The COVID-19 outbreak may be on everyone’s mind, but for most people in British Columbia the flu is causing the most headaches – and fevers and runny noses.

The BC Center for Disease Control says this year’s flu vaccine is proving to be effective against influenza types A and B.

The centre says the vaccine is about 58 percent effective against the mix of influenza A and B viruses circulating this season.

The vaccine effectiveness estimate suggests that about six out of 10 potential cases of flu in non-elderly people might have been prevented by vaccination.

Dr. Danuta Skowronski is the leader of the Influenza and Emerging Respiratory Pathogens Team at the C-D-C in British Columbia.

She says getting a flu shot reduces the risk, especially for people with underlying medical conditions and the elderly.

Dr. Showronski says it also removes pressure on health care facilities – especially at a time of heightened concern about the coronavirus.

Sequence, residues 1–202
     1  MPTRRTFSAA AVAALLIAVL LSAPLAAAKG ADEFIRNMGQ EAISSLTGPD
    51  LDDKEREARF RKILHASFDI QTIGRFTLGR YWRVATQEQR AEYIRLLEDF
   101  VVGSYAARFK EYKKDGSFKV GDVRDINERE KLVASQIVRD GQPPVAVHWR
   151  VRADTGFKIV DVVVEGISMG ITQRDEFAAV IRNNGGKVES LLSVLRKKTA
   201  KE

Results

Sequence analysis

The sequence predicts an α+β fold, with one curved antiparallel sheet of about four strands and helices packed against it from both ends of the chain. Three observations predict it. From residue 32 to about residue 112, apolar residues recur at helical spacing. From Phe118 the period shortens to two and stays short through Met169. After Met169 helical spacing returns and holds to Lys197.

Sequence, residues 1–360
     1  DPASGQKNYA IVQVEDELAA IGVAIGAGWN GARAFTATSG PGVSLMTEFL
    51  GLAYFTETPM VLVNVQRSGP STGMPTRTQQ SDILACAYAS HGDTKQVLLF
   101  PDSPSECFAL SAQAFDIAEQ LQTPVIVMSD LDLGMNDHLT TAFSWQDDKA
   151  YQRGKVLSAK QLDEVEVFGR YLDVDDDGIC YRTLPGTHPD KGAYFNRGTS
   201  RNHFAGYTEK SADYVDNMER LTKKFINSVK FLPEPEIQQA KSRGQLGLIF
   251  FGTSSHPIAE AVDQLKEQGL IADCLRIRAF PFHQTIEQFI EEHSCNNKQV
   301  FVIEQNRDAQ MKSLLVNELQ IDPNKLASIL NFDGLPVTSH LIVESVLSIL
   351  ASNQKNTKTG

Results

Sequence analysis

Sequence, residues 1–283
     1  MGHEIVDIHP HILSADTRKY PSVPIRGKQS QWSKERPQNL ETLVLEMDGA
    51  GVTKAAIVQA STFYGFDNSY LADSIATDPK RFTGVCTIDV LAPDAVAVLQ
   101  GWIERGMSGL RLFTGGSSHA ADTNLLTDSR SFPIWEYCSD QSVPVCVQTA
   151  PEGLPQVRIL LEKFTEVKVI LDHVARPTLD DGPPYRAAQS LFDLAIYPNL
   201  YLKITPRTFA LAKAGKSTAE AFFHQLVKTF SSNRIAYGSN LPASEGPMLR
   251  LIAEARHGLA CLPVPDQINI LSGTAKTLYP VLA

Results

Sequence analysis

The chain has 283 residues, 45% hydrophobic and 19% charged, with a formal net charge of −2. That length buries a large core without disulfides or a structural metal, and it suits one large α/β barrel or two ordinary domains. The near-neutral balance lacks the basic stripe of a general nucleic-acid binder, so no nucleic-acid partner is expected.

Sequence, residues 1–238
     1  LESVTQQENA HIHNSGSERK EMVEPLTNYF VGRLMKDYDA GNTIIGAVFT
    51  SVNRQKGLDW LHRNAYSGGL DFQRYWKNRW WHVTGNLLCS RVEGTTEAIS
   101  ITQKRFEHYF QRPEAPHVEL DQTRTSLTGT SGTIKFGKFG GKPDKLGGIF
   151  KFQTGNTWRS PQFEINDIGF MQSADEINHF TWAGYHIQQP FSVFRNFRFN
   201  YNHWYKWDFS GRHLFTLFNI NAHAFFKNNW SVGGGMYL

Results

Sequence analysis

The BC Center for Disease Control says that between September 19th and February 22nd, more than 23-thousand samples were tested with over 21-hundred positive results for influenza-A and just under 16 hundred for influenza-B.

In addition to vaccination, the BCCDC says people can reduce their risk and minimize the spread of viruses such as influenza, the novel coronavirus, and the common cold by:

  • Washing your hands frequently especially if you’ve been out in public.
  • Avoiding touching your face, especially your eyes, mouth, and nose.
  • Coughing and sneezing into your elbow. If you use a tissue, make sure to dispose of it properly and wash your hands.
  • Staying home if you feel unwell so you don’t pass your infection onto others, especially those who may be at higher risk.
  • Staying away from people at higher risk of serious complications from influenza when you feel unwell.